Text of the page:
The appellations system is ‘losing its impact’, the INAO chief told an influential audience of wine decision-makers at Vinexpo.
Réné Renou, president of the INAO (the National Institute of Appellations), said major changes had to occur in the regionally-based system of quality control
‘AOC remains the reference, but it is losing its impact – particulary among new consumers,’ he said.
Renou reassured seminar attendees by saying that AOC (Appellation d’Origine Controlée) was essential for defining the vibrant diversity of French wine.
He went on to list numerous failings such as the confusing abundance of AOCs in the face of the simplicity of varietal labelling.
Renou went on to attack the often haphazard quality of the wines in the bottles, the complex and badly understood system of quality control and the lack of investment in marketing campaigns.
He proposed a number of changes intended to restore credibility in five key areas including a fundamental rewriting of the rules and regulations that cover the 407 individual AOCs, a refocussing of the controlling regional bodies to ensure they protect the wine more than the winemaker and a more commercial-friendly system of quality control at each stage of production.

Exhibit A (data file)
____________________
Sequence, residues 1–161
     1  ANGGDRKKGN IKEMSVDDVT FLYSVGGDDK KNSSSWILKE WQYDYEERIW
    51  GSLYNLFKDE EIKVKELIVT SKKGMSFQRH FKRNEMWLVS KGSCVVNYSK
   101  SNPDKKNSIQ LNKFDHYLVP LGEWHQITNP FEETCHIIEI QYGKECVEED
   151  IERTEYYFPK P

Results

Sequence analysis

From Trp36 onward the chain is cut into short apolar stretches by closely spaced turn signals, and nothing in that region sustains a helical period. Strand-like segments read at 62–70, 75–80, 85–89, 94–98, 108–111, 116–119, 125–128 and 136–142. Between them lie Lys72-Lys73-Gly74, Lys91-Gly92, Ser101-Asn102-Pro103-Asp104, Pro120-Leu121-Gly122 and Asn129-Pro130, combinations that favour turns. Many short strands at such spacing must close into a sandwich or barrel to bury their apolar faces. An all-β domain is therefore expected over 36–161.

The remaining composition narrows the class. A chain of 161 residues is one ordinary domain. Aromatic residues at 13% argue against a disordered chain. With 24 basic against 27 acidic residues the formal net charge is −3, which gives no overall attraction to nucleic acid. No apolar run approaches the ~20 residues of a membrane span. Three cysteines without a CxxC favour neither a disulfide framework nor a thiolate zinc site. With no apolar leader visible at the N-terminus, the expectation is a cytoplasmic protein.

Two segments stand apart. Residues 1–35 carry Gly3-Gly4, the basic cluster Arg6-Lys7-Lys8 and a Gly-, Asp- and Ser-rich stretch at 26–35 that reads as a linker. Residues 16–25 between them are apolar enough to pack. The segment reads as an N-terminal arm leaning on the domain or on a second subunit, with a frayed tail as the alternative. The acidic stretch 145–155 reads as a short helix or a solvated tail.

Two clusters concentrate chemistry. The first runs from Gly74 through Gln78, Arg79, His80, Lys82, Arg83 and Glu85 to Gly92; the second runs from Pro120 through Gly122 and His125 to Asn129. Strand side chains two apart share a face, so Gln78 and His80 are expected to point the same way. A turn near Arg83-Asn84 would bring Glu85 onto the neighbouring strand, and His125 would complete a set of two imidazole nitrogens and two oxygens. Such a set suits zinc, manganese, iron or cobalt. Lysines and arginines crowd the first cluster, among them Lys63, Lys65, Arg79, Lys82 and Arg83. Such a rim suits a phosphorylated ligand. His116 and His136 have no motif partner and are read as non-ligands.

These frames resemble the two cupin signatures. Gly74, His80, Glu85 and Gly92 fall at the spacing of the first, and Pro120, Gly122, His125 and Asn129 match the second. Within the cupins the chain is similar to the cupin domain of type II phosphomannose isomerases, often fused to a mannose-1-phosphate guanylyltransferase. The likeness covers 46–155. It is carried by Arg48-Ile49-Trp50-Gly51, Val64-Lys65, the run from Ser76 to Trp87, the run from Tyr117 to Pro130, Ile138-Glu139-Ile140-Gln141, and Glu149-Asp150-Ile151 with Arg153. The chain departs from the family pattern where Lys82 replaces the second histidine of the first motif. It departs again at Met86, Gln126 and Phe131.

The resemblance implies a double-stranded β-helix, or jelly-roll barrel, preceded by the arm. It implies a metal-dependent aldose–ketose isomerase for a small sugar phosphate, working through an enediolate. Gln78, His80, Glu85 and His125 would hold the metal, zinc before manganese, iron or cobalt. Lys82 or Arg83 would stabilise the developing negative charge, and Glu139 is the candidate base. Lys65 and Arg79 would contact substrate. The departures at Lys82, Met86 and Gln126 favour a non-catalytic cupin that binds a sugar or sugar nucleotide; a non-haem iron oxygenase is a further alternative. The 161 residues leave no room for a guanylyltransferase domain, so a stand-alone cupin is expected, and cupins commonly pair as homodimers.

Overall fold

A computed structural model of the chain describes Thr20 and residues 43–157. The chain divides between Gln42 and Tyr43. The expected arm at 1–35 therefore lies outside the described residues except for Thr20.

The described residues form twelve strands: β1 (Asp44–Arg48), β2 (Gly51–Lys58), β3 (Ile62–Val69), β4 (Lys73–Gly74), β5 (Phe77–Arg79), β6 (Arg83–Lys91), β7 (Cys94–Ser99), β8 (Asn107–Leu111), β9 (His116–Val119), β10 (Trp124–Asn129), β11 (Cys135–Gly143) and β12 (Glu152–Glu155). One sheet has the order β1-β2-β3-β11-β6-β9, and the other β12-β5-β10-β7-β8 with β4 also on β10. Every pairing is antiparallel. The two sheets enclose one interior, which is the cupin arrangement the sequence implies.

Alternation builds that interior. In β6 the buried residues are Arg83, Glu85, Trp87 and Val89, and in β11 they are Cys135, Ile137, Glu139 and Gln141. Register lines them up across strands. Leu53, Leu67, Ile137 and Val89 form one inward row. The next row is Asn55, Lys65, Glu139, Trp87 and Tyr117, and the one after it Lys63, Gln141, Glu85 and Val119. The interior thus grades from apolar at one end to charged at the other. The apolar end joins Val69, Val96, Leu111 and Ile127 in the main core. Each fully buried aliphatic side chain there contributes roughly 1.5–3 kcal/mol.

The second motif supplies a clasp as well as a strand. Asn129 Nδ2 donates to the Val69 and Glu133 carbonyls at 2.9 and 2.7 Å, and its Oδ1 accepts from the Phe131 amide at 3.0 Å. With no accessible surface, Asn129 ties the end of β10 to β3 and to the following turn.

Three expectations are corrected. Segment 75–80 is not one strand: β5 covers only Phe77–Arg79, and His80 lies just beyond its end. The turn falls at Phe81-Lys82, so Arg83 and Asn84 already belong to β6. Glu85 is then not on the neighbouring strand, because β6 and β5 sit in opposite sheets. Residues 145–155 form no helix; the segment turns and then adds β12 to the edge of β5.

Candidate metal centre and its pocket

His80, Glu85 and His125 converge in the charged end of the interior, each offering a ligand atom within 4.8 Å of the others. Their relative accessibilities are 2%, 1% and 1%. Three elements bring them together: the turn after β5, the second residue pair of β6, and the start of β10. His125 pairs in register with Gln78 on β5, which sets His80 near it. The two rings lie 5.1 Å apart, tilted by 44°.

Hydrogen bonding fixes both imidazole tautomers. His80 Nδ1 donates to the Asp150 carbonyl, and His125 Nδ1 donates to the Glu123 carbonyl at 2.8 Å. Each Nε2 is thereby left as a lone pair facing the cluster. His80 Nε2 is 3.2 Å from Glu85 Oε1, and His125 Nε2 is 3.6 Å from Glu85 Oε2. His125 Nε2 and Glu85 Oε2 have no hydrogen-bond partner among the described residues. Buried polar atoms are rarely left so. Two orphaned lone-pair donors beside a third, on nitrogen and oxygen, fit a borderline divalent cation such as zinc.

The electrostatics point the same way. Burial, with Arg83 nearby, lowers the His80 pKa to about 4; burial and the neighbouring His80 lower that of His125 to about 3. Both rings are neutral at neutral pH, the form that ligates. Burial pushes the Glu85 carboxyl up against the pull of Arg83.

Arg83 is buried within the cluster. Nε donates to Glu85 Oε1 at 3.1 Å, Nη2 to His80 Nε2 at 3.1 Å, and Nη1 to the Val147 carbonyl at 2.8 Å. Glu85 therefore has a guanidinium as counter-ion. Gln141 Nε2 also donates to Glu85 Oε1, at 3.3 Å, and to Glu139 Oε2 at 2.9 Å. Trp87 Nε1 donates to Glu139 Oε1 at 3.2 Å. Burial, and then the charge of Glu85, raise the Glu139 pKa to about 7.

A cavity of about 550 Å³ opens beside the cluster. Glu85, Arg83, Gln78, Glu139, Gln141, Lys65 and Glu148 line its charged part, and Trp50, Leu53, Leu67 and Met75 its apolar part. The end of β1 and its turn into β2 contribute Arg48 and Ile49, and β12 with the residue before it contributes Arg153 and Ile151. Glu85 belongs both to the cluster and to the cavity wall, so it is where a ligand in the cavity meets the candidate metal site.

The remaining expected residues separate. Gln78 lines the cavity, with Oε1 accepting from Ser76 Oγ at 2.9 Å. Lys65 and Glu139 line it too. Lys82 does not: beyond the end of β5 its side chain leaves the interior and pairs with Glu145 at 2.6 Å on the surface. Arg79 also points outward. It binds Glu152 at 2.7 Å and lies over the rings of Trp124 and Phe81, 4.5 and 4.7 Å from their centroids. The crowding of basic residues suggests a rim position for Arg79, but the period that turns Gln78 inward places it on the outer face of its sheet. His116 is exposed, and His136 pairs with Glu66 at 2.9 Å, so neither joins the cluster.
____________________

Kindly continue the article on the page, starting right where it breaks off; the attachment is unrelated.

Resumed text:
The head of the INAO also wanted increased penalties for growers who fail to meet the basic quality requirements of their wines and vineyards as well as better protection of the country’s terroir and environment.
A lively debate ensued with winemakers frightened that the new measures would add more layers of bureaucracy.
Renou dismissed this. ‘The objective is to raise the quality of AOCs and everyone stands to benefit if we succeed,’ he said.
Written by Jane Anson